For another (more substantial) example, you’ve discovered sign language. Whereas last month you were signing only “more” €“ and that just because we continuously prompted you €“ this month you’ve truly grasped the sign language concept. One day, we were playing out in the backyard when you heard a dog barking. You looked concerned, so I told you “It’s just a dog.” You paused for a moment, then stood straight up and started vigorously smacking your right arm against your leg. Though you looked like a one winged bird trying to get airborne, it was crystal clear that you were signing dog.
Suddenly the floodgates opened, and you began spewing forth signs. You can sign bananas and cookies and cheese and eat and milk and baby and hot and shoes and (of course) dog. And it’s clear you’re connecting the hand signs not just with the sounds of the words but their meaning: for example, you will sign bananas and then point to the top of the fridge where they lay hidden out of sight; when you hear a dog bark at the park (even if you can’t see it) you will sign dog. You’ve even begun to use the sign for sun to describe bright indoor lights, which I find amazing. Watching your raw cognitive power develop leaves me awe-struck, kiddo. I continue to wait for a proof of the Goldbach Conjecture as my birthday present.
This month also warmed up considerably, and so we’ve spent a lot more time at the park. While the infinitude of rocks still amuses you, you’ve moved on to bigger things. In particular, the slide. You can now climb the steps to the top, a feat that, given your little size, is akin to scaling the Matterhorn, but you do it with gusto. At first you would climb to the top and wait for me to join you, so that we could slide down together. But when you discovered that my presence was not a necessary pre-condition to sliding, you began experimenting with different ways of de-elevation. Your initial attack was a kamikaze head-first descent, but since then you’ve adopted a more conservative feet-first slide on your belly, a technique derived not because of a concern on your part about your safety, but rather an inability to figure out how to sit at the edge of the slide and “scoot” off it.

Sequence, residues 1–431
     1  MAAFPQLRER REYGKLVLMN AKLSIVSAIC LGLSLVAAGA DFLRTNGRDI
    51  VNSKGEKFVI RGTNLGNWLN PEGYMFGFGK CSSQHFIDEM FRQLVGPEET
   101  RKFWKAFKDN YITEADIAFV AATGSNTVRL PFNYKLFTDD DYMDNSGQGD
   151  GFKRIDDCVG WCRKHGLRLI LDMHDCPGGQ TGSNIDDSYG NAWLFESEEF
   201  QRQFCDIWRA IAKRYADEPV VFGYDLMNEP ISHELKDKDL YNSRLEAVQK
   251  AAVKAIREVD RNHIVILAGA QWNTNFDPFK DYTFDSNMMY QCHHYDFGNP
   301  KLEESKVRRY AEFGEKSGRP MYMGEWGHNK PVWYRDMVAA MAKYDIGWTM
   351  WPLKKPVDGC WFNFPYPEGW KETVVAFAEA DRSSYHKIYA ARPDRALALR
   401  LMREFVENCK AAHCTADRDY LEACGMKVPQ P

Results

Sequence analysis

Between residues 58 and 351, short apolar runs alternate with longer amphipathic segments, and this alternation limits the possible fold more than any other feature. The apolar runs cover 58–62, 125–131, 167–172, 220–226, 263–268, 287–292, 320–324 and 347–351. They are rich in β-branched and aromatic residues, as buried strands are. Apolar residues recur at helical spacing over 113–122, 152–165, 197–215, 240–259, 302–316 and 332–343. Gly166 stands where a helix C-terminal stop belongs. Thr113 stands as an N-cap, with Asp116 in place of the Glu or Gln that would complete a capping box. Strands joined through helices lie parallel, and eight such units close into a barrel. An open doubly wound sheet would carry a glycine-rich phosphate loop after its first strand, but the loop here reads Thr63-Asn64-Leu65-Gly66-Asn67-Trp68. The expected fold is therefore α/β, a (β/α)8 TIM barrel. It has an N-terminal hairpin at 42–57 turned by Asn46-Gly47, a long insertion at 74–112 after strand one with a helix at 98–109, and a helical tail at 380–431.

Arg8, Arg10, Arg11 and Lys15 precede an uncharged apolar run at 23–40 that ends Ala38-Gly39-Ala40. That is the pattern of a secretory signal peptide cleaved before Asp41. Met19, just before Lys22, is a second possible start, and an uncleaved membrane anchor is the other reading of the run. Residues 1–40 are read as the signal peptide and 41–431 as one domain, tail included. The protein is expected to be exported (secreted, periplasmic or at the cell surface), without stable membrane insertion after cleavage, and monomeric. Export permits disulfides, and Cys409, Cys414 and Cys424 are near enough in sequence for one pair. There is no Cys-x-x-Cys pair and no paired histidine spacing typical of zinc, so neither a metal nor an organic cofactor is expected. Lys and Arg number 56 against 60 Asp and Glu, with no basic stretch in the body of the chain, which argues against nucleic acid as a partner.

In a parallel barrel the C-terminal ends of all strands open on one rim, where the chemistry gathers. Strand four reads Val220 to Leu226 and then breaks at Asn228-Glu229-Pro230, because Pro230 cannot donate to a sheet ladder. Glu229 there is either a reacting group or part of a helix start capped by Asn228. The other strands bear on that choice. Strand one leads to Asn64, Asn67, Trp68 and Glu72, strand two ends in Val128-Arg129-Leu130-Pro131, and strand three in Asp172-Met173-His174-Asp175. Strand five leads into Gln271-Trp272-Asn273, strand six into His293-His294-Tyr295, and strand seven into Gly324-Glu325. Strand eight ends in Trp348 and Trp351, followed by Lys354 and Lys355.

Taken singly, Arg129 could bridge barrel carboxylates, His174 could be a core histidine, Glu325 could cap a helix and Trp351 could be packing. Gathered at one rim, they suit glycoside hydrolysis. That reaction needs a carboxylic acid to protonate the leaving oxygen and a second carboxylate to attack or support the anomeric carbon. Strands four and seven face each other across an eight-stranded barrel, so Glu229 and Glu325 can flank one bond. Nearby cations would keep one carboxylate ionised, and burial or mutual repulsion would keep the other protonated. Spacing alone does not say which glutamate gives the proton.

Your play indoors has also become more active. Our four-on-the-floor versions of “hide and seek” and “tag” have been replaced by running versions of them, as we chase each other endlessly around coffee tables and kitchen islands trying to grab each other. You’ve just begun to climb up everything — up stairs, up chairs, up tables, and so on — but apparently you prefer to get your practice by climbing up me. Sadly, I have gone from a daddy to fleshy set of monkey-bars.
You’re not terribly good at climbing down anything yet, and as a result, you’ve pioneered a little thing we call the “Suicidal Baby Game” in which, after you have climbed up onto our bed, you crawl at breakneck speed to one of the edges before thrusting yourself off at the floor below, with the object of the game being for whatever parent is closest to grab you by the feet before you snap your neck when you land. Prizes for winning include your continued breathing and a heart condition for daddy.
You’ve also pioneered a game that might be best described as an Un-Staring Contest: two contestants take turns rapidly and deliberately blinking at each other. I’m not sure the criteria by which a winner is selected, but if it’s for the most pained expressions made while trying to figure out how to blink repeatedly, you’d get it:
Happy birthday, little Ladybug. Take it easy and relax.
I love you, pumpkin.
— Ba ba
See more pictures from your thirteenth month of existence over at flickr.